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2019 Mercedes-Benz AMG GT Overview
For 2019, Mercedes-Benz adds yet another new and exciting AMG model to its AMG GT lineup. Available in GT 53, GT 63, and GT 63S trims, this 4-door coupe features the distinctive AMG grille and front fascia reminiscent of the 2-door versions as well as a trio of available engines, each more potent than the last. While AMG also recently added an S Roadster to the AMG GT lineup that features the same 515-horsepower V8 as the GT S coupe, the main news for 2019 is the remarkable new 4-door.
The base version of the AMG GT 4-door is called the GT 53, featuring an inline 6-cylinder, a potent unit that displaces 3.0 liters, has two turbochargers, and pairs an electric supercharger with a 48-volt electric motor for a mild hybrid system that puts out 429 horsepower and 384 pound-feet of torque. With a 0-60 time of just 4.4 seconds and a 174-mph top speed, it’s already faster than almost everything else on the road. The GT 63 gets a 4.0-liter twin-turbo V8 making 577 hp and 553 lb-ft of torque, enough for a 3.3-second 0-60 time and a 193-mph top speed. Finally, the insane GT 63 S gets a more highly tuned version of the V8 good for 630 hp and 627 lb-ft of torque. All versions feature 4Matic+, Mercedes-Benz speak for all-wheel drive (AWD), and a 9-speed automatic transmission. The 4-door AMG GT hasn’t been rated for fuel economy yet, but the 2-door will return 16 mpg city, 22 highway, and 18 combined.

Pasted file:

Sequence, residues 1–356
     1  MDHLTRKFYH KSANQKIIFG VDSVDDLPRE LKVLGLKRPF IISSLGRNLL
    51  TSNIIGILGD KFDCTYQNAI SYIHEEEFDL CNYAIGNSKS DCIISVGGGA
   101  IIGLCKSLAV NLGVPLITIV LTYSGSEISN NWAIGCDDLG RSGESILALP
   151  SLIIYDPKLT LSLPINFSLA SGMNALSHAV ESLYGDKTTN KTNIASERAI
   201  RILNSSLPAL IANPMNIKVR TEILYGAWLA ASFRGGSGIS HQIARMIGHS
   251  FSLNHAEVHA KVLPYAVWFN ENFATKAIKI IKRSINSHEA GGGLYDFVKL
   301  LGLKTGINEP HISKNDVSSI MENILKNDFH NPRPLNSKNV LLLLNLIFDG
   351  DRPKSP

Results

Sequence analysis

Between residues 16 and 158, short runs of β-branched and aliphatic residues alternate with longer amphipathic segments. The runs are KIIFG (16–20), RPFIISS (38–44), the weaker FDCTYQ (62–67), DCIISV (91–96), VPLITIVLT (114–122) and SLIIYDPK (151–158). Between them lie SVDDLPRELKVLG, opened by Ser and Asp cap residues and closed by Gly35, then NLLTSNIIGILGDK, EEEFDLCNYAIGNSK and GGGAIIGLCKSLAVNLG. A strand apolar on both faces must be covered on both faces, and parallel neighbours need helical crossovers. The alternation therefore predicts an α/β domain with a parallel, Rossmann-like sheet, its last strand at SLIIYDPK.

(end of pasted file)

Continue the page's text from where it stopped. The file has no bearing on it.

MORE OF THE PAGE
The 4Matic+ AWD system continuously varies the torque split between front and rear, and an active rear spoiler adjusts itself depending on speed, while additional aerodynamic features are available on V8 versions. Stepping up to the V8 trims, the GT 63 and GT 63 S, changes things quite a bit with the 4-door, as it adds air springs instead of steel coils, 4-wheel steering, and available carbon-ceramic brakes. Drivers can select between Slipper, Comfort, Sport, Sport+, Race, and Individual driving modes in addition to a Drift mode that directs all of the engine’s torque to the rear wheels for tire-shredding galore.
The AMG GT 4-door seats four rather than five, although buyers can choose between non-folding rear bucket seats or 40/20/40 split-folding rear seats that feature a center console and touchscreen. In front, there is the familiar pair of 12.3-inch display screens with one dominating the middle of the dash and the other serving as the instrument cluster behind the sporty flat-bottom steering wheel. Adaptive cruise control, lane-keep assist, automatic emergency braking, blind-spot monitors, and rear cross-traffic alerts are all on the menu for the AMG GT. The AMG GT hasn’t been crash-tested yet.
With a 4-door in the mix, the AMG GT lineup can now take aim at the higher-tier versions of the Porsche Panamera and Tesla Model S as well as the BMW M5. This may be AMG’s first 4-door, but it’s off to a great start.
Since 2012, Andrew Newton has been writing about cars both old and new. Andrew has been an associate editor at Sport Car Digest as well as a contributor to sites like BoldRide and JamesEdition. He was also the Education Manager at the Larz Anderson Auto Museum in Brookline, MA before becoming the Auction Editor at Hagerty Classic Car Insurance. He currently splits his time behind the wheel between his NA Miata, 1994 Corvette, and Triumph TR6.
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